Teachers and officials in the Hayden School District are defending standardized-test-driven changes in curriculum under criticism from parents that the district is becoming too focused on such tests.
School staff and committee members say parents are asking why such changes are being made to improve scores on the Colorado Student Assessment Program tests. Some say part of the questioning is because of a lack of understanding about the tests.
The tests are indicators of schools' performances, which is why some parents think it is to make the school look good, School Board member and School Improvement Team member Patty Bruchez said.
"Some parents, teachers and students just don't understand the importance of these tests," Bruchez said. "They are questioning or challenging the schools' emphasis on CSAP scores because the schools are doing some specific things because of CSAP."
CSAP tests are designed for grades three through 10 to measure student achievement in relationship to state standards, according to a pamphlet from the Colorado Department of Education. The standards represent what students are expected to know at particular points in their education.
The CSAP tests will be administered in Hayden next week.
Hayden School Board members, teachers and officials say that when classroom instruction is modified to emphasize particular subjects in response to CSAP scores, the resulting improvement is directly related to improving students' knowledge of the subjects.
The standardized tests are designed to indicate to teachers, students and parents what a student needs to meet the state standards. If students are failing or achieving below-average scores in subjects, that is all the more reason to focus more on those subjects so the students are not left behind, Bruchez said.
Hayden High School Principal Nick Schafer said some parents mistakenly think CSAP test results determine how much money the school gets from the state and federal government.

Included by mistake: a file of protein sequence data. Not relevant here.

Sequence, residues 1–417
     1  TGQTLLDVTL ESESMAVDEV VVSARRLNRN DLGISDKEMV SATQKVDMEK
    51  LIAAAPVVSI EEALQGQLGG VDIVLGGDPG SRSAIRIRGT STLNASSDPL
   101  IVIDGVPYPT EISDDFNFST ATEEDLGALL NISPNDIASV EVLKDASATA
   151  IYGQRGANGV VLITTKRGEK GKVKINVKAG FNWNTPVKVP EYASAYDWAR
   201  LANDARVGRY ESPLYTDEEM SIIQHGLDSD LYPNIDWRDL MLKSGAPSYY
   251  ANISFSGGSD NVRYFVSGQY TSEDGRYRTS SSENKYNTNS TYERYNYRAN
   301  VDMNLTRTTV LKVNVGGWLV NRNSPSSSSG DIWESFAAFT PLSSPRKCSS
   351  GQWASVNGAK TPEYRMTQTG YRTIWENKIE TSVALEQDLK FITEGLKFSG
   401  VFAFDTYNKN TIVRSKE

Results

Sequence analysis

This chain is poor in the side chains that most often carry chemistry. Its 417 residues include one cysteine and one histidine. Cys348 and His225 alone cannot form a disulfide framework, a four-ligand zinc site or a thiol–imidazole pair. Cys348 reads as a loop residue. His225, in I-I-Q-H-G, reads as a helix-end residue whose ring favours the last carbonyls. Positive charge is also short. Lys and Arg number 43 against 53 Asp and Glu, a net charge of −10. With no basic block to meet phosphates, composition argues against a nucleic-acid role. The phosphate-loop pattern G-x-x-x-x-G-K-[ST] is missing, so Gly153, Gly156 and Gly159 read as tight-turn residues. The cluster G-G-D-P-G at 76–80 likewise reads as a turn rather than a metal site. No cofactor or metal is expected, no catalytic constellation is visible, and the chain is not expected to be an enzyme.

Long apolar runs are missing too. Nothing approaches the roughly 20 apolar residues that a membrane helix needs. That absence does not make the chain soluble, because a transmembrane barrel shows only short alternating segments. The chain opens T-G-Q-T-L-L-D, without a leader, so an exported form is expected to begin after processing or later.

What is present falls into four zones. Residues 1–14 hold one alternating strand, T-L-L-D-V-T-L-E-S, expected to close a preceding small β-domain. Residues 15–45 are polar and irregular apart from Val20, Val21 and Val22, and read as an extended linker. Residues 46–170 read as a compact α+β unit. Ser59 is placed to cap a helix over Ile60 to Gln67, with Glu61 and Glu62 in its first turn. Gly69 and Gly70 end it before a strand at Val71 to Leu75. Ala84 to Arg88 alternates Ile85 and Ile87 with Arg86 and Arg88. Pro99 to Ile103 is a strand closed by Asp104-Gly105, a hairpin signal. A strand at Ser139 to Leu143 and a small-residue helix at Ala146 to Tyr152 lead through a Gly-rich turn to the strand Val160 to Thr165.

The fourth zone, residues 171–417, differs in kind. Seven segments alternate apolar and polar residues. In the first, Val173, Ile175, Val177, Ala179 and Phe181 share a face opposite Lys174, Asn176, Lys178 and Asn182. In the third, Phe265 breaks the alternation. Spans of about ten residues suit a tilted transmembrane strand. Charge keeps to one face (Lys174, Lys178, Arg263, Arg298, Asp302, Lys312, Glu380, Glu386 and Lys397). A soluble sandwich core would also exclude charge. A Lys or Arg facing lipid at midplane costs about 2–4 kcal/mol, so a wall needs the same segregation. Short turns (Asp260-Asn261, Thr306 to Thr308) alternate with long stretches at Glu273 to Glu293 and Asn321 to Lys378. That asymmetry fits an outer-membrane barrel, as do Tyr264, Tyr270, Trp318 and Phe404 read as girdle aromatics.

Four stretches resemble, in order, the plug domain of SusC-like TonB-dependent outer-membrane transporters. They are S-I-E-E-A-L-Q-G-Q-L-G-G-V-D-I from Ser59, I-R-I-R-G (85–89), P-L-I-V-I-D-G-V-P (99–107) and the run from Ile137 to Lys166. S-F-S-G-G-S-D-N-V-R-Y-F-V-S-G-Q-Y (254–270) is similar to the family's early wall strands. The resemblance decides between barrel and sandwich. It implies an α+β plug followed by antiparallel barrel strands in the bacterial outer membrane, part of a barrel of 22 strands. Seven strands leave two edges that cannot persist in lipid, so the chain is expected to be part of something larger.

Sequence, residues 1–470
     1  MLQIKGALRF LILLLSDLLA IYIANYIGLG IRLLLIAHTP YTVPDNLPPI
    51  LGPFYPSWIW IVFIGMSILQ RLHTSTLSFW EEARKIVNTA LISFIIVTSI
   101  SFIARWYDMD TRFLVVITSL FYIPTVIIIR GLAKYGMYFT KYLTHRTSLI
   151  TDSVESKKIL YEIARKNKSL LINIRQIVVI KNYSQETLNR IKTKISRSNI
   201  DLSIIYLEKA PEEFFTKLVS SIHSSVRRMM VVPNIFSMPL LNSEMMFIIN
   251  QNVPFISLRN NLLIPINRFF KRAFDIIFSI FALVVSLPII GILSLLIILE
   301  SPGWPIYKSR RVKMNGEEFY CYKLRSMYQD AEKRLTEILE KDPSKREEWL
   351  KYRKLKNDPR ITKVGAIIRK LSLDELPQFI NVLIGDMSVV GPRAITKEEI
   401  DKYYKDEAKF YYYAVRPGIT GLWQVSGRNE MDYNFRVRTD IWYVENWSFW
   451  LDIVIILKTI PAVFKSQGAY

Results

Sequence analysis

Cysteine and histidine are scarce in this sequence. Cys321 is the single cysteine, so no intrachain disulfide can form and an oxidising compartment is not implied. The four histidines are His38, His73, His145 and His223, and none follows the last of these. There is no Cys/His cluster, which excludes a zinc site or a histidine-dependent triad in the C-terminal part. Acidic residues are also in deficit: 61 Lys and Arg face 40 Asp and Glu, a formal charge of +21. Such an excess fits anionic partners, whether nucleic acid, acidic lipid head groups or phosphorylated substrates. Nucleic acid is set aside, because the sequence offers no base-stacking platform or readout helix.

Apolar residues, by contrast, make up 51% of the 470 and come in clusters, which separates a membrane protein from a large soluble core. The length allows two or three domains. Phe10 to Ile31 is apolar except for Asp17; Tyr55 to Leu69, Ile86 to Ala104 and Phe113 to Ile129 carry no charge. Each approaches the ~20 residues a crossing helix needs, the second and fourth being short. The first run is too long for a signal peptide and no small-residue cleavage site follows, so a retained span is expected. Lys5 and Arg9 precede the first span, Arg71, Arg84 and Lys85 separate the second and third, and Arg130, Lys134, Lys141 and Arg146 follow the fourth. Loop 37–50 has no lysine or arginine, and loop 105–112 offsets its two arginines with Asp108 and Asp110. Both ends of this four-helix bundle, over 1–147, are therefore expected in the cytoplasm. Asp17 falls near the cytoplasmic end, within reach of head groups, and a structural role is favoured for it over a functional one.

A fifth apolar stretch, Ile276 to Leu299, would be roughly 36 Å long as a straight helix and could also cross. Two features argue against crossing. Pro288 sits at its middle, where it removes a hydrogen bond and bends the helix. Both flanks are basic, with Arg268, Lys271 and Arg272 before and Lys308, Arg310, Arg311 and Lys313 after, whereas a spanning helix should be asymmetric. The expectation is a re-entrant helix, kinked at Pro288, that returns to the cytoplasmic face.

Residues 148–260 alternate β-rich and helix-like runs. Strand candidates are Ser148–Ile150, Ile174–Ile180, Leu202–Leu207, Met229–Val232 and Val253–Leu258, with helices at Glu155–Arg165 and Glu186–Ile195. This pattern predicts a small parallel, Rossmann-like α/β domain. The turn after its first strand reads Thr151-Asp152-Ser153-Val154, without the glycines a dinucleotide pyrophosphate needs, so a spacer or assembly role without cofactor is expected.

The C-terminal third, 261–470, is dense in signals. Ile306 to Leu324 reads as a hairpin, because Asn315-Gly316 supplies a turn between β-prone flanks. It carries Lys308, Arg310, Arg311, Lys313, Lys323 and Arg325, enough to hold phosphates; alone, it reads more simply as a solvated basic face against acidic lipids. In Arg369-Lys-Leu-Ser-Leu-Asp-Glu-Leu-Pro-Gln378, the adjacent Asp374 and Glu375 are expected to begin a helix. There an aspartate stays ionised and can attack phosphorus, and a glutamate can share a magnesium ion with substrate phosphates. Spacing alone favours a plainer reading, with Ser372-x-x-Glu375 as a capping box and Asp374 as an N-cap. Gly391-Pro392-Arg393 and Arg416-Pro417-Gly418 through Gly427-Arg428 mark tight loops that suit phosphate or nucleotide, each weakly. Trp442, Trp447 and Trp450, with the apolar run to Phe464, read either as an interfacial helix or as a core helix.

"Some have asked why we put so much emphasis on it if the only reason we do it is for more money," Schafer said. "That's a fallacy. The score we get doesn't affect how much money we get one way or another."
School Improvement Team member Holly Blake said she had heard some parents saying that a high school class was canceled because of the school putting more emphasis on CSAP tests. The vocational class was canceled to allow its teachers to instruct additional math and social studies classes, she said, but that was because of a large eighth-grade class coming into the high school.
"Since it's a statewide issue, more parents are asking what the importance is," Blake said. "But instead of calling the school principal, parents are talking to each other, and there's a lot of parents who don't have the right answers.
"There needs to be more parent involvement, but the problem here is most parents work and don't have time for committees."
Hayden School Board President Kurt Frentress said proving a school's performance as good or bad is ultimately a good thing.
"I think CSAPs, overall, are pretty good," Frentress said. "They let the community know how their district is doing, and if it's not up to task, they can choose who to elect to the school board and what they want to do for their children's education. That's exactly why the Legislature did what it did. It wanted a report card for the schools.
"I think most of the concerns are because there's not enough information out there."
Another difficulty encountered by Hayden students on CSAP tests is that the format requires written responses rather than traditional multiple choice or true/false. And while students say this aspect is difficult, district officials say taking the time to teach these skills eases the difficulty and teaches the ability to express oneself.
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